Status Board by Panic is a detailed information dashboard designed for the iPad. The app displays the time and weather, as well as your calendar, email, Twitter, and RSS feeds in an organized, customizable way.
You can debate how much we have evolved emotionally since our early primate days in Africa, but there’s no arguing about our looks. At that point in human development. we were to beauty what the butt is to fine cuisine - distantly related, and in all the wrong ways.
The brain that revolutionized physics now can be downloaded as an appfor $9.99. But it won’t help you win at Angry Birds.
While Albert Einstein’s genius isn’t included, an exclusive iPad application launched Tuesday promises to make detailed images of his brain more accessible to scientists than ever before. Teachers, students and anyone who’s curious also can get a look.
A switch away from Google’s mapping data in favor of Apple’s own in-house solution is imminent, according to a report by 9to5Mac. Citing “trusted sources,” the site says the Maps application for iOS will be done “completely in-house,” mapping data and all, thanks to Apple’s acquisition of Placebase, Poly9, and C3 Technologies over the last couple of years. Apple’s deal to use Google’s Mapping data is also said to be expiring soon, opening the door for Apple to begin experimenting with its own technologies.
An interesting new iOS app launched today called Whale Alert. Though it’s available for anyone, the iPhone/iPad app is intended primarily for use by workers in the shipping and maritime industry. It “combines science and technology to help save critically endangered North Atlantic right whales by reducing threats of collisions with large ships along the East Coast of North America.”
The Washington Post announced on Monday the launch of a new iPad app dedicated solely to political coverage.
“The app offers a visually rich and engaging new way to following the 2012 presidential election campaign, with the latest breaking news and images, most informed analysis and deepest polling data, a constantly updated library of TV ads, and an incredible range of historical data, dating all the way back to the first U.S. presidential election,” said Marcus Brauchli in a post on the Washington Post’s website.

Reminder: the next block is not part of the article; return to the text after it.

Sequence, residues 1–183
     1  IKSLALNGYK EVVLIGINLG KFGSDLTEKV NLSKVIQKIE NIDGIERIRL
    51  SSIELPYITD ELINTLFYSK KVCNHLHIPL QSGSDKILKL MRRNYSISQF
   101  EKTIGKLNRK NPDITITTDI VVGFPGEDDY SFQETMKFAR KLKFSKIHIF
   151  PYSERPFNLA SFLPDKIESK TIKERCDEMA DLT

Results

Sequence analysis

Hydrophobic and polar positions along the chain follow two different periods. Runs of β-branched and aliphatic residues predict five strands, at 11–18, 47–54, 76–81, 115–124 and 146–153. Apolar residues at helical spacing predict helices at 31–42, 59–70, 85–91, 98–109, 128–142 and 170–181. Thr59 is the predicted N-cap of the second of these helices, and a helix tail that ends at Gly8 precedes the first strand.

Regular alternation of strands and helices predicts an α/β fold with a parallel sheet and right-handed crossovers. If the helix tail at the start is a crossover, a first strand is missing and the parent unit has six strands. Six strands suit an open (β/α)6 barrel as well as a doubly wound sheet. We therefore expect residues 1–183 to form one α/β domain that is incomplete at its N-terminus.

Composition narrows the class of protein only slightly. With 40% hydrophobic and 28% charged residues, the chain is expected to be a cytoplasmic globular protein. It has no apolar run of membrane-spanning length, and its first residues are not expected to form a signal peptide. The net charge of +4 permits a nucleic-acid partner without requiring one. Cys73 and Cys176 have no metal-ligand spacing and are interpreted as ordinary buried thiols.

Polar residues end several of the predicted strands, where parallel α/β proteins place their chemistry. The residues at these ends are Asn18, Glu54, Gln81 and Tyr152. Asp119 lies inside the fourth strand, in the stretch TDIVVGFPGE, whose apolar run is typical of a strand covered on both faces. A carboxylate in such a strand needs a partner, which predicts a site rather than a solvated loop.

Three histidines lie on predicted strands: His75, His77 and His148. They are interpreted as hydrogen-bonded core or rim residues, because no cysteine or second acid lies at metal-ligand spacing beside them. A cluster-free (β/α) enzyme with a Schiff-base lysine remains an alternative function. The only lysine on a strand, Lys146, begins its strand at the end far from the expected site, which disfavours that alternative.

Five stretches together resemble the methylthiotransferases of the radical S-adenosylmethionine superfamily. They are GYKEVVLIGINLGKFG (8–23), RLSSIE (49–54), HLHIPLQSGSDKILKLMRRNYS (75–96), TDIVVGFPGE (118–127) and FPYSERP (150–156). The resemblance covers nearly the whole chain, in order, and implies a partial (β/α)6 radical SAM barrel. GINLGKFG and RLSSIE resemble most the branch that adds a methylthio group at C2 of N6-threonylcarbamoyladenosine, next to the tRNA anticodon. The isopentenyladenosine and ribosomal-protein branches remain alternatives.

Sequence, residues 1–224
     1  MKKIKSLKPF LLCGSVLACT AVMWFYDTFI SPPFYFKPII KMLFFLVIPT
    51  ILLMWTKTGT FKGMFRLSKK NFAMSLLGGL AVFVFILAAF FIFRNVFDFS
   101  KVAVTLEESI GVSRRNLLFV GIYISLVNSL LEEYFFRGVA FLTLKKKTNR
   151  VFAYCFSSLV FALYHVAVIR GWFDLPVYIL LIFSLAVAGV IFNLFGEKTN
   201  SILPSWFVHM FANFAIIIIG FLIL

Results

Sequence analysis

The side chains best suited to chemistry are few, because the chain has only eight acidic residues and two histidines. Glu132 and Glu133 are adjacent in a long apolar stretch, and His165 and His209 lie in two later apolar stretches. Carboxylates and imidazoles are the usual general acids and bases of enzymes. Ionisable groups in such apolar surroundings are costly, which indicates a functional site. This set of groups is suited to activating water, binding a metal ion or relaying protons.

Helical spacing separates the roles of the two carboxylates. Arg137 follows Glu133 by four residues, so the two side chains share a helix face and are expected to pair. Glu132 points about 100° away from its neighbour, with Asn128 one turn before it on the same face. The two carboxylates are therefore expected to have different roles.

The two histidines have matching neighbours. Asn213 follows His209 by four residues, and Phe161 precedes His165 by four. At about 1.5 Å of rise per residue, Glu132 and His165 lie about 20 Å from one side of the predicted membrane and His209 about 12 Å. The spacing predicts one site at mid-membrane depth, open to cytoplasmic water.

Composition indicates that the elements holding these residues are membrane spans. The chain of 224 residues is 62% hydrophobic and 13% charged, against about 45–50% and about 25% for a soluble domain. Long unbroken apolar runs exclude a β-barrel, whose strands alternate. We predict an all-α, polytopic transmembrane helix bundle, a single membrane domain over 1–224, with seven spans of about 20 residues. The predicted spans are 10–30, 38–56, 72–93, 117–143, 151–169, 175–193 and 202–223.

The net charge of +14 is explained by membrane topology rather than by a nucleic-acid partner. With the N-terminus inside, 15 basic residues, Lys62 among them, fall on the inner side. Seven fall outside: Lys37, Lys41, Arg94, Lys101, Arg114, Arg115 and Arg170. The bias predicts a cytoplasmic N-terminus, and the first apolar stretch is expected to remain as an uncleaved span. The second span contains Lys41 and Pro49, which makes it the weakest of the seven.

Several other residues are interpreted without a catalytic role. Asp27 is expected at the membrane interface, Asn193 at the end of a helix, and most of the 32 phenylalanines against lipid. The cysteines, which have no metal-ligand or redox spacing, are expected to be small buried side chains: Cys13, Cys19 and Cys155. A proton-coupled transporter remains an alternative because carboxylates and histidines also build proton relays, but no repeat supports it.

Philips just released a new iPad 2 app called Vital Signs Camera that uses the camera to measure your heart and breathing rate. It detects subtle beat-to-beat changes in the color of your face to measure your heart rate.
We’re slowly living in the future.
We’ve just released MapBox for iPad 1.4, a huge update bringing full integration with both our TileStream Hosting service and our open source, self-hosted TileStream software. We’ve also overhauled every inch of the application’s design and appearance, added support for MapQuest Open tiles, fixed a slew of bugs, and moved to supporting iOS 4.2 and up for the best performance and reliability.
Biblion: World’s Fair is a free iPad app from the New York Public Library that showcases the library’s vast archive of materials from the 1939 New York World’s Fair. Perusers can read original essays about the fair, explore photo galleries and listen to radio broadcasts (see a video of Biblion’s slick user interface.) Future editions of Biblion will cover other collections, programs, and services at the New York Public Library.
Stats of the Union by Ben Fry’s Fathom Information Design reveals the vital health signs of the U.S. on the iPad. The interactive visualization provides a geographical view on various detailed statistics, such as population demographics, risk factors and indicators of health, all aggregated per county.
Back in February, we heard that a private jet company had gotten FAA approval to use an iPad-based charting system instead of paper charts, which are the standard throughout the industry. They used an app called Mobile TC, but GlobalNavSource has come up with another app, EFB (“electronic flight bag”), and it’s being offered for free until they release it commercially on June first.